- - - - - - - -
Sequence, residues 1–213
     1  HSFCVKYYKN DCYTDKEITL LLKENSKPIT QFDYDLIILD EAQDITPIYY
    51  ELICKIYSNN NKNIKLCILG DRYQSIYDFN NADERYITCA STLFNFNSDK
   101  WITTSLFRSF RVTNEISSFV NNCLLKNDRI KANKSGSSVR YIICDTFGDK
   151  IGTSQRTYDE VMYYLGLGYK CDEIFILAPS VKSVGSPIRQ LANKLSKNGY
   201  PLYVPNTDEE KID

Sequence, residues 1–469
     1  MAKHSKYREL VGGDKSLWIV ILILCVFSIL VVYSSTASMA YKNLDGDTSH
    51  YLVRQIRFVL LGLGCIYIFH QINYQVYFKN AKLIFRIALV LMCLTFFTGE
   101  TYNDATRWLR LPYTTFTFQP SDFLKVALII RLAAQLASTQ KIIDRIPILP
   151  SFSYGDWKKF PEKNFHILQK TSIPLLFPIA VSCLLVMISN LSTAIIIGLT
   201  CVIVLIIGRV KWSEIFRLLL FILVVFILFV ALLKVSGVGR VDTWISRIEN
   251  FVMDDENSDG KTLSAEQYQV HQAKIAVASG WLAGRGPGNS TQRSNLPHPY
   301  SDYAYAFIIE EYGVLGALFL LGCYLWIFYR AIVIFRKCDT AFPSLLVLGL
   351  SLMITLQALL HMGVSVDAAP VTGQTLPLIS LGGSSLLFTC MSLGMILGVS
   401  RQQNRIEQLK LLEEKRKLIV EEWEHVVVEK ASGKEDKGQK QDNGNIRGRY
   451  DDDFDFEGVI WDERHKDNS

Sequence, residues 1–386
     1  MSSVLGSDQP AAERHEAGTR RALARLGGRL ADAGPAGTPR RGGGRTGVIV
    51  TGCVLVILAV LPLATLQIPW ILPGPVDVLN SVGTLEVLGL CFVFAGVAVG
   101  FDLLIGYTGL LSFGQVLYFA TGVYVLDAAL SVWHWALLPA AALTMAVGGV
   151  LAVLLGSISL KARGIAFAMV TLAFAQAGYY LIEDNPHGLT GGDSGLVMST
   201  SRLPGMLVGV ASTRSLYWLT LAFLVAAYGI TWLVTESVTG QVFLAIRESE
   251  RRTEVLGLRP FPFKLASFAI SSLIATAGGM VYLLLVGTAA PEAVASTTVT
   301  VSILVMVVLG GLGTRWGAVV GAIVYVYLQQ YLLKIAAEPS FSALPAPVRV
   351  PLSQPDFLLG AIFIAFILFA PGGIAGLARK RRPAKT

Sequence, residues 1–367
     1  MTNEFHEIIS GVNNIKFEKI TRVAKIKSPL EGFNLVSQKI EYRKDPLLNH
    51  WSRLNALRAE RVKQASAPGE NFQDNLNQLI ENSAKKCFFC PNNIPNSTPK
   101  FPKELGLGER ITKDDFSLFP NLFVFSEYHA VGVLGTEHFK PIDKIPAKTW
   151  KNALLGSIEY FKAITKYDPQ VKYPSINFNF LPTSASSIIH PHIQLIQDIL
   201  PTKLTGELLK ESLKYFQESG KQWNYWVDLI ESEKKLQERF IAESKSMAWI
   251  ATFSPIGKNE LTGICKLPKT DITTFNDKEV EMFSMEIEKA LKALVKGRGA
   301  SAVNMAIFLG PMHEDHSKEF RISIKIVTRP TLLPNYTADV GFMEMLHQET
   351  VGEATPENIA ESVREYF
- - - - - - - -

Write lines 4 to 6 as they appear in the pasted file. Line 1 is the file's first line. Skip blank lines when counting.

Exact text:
   101  WITTSLFRSF RVTNEISSFV NNCLLKNDRI KANKSGSSVR YIICDTFGDK
   151  IGTSQRTYDE VMYYLGLGYK CDEIFILAPS VKSVGSPIRQ LANKLSKNGY
   201  PLYVPNTDEE KID